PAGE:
It bemuses many students to learn about the religious discrimination and conflict that occurred within Christianity, right up into the modern era and into the Americas. That’s heartening because they’re not bringing the old sorts of religious feuds to the table but worrisome in that they’re missing entire chunks of their history when they only learn about the secular trends.

    What’s made me more aware, these days, of the importance of confessional history comes out of my recent foray into 19th c. American and Canadian disputes over the Norse discovery of North America — like almost everything I’ve studied, the element of religious bigotry was immediately apparent as WASP proponents promote the Norse discovery as a useful counterpoint to the Catholic Columbus.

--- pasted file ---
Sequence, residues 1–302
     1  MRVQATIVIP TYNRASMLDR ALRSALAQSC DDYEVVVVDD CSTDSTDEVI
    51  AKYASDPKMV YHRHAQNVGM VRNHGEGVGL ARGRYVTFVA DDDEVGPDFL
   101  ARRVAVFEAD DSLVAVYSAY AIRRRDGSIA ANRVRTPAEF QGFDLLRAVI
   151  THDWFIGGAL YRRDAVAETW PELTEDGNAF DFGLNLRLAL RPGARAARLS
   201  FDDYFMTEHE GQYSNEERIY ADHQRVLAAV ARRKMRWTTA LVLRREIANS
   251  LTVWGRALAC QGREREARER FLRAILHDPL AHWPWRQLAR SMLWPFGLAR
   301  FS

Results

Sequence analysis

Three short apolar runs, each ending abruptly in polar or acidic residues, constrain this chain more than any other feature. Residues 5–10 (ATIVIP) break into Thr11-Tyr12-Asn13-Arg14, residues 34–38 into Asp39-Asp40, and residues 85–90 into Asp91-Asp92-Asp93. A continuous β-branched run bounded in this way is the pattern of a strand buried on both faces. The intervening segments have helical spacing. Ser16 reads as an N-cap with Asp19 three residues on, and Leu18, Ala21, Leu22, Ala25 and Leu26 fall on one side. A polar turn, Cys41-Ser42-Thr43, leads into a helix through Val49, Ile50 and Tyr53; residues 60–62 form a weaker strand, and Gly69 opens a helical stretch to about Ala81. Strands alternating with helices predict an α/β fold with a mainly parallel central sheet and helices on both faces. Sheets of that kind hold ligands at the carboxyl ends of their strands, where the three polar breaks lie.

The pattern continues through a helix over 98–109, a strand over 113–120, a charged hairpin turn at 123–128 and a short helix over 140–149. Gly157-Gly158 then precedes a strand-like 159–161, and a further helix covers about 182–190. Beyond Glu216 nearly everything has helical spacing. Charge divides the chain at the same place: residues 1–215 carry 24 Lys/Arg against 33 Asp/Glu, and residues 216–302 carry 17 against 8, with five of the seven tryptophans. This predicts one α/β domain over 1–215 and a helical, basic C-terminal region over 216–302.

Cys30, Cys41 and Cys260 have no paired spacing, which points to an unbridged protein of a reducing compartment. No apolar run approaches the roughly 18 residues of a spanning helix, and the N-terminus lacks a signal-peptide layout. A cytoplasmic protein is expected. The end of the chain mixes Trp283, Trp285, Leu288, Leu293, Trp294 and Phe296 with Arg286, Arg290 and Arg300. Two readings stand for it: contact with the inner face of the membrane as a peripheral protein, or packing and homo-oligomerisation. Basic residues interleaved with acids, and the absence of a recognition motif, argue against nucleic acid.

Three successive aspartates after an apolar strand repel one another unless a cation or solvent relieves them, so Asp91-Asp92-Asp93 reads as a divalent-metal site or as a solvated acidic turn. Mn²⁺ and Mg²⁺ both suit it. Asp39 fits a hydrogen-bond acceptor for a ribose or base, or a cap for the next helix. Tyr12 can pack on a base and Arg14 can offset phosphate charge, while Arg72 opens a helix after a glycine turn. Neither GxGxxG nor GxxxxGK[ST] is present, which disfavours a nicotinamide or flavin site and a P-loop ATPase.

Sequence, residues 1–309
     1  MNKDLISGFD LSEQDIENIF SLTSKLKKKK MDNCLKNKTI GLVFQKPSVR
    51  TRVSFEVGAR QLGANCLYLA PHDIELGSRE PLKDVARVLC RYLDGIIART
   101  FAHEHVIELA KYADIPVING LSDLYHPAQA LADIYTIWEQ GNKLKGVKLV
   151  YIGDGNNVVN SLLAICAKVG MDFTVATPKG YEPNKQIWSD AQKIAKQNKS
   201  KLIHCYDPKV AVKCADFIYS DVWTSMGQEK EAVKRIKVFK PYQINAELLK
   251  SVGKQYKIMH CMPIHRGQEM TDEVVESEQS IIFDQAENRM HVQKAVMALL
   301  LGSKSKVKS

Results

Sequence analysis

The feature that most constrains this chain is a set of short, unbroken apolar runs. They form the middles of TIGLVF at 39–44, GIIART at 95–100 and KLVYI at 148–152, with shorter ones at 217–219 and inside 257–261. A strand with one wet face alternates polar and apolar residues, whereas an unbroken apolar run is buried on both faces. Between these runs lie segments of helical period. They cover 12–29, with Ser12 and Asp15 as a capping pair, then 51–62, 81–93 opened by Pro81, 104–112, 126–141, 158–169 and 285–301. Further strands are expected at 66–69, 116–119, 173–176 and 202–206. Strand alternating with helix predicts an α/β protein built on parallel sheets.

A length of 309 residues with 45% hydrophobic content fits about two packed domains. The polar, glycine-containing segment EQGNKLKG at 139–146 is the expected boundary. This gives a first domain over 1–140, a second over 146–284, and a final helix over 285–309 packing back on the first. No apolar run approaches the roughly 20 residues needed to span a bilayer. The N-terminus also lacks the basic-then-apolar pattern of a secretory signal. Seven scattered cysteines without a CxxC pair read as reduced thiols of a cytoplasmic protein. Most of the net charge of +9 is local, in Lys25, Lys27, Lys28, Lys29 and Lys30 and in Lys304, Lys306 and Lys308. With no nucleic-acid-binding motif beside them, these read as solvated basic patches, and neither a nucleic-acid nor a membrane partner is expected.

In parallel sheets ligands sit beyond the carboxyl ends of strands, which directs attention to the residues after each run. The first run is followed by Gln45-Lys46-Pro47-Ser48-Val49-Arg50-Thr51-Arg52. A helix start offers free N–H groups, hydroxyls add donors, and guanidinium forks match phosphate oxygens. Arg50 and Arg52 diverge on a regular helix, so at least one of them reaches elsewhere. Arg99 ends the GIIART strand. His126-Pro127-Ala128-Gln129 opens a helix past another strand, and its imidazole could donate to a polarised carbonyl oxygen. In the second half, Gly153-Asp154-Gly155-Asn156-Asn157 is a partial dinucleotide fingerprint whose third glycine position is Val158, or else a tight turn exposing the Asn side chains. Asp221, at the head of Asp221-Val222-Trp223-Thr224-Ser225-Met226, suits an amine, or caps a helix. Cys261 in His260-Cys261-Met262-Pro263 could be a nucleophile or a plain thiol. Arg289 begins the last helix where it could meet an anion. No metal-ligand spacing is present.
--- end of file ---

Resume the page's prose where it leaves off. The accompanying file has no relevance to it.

This confessional element surprised me at first (I’d gone into the story expecting to see mostly racial and national elements behind the promotion of the Norse discovery). The anti-Catholicism of some of the American sources, in particular, speaks to a pretty disturbing subtext of the time which definitely isn’t getting enough press in the secondary literature I’ve worked through to date.


  18. It’s been interesting to read through the comments, as I am just starting to work on a dissertation topic dealing with gender and American Catholicism in the nineteenth century. Absolutely — the teaching and scholarship around U.S. women’s history still has an under-interrogated Protestant bias; yet in wanting to explore topics around Catholic manhood and womanhood, I feel as though I have had to justify my topic much more than when I was working on Protestant women’s movements.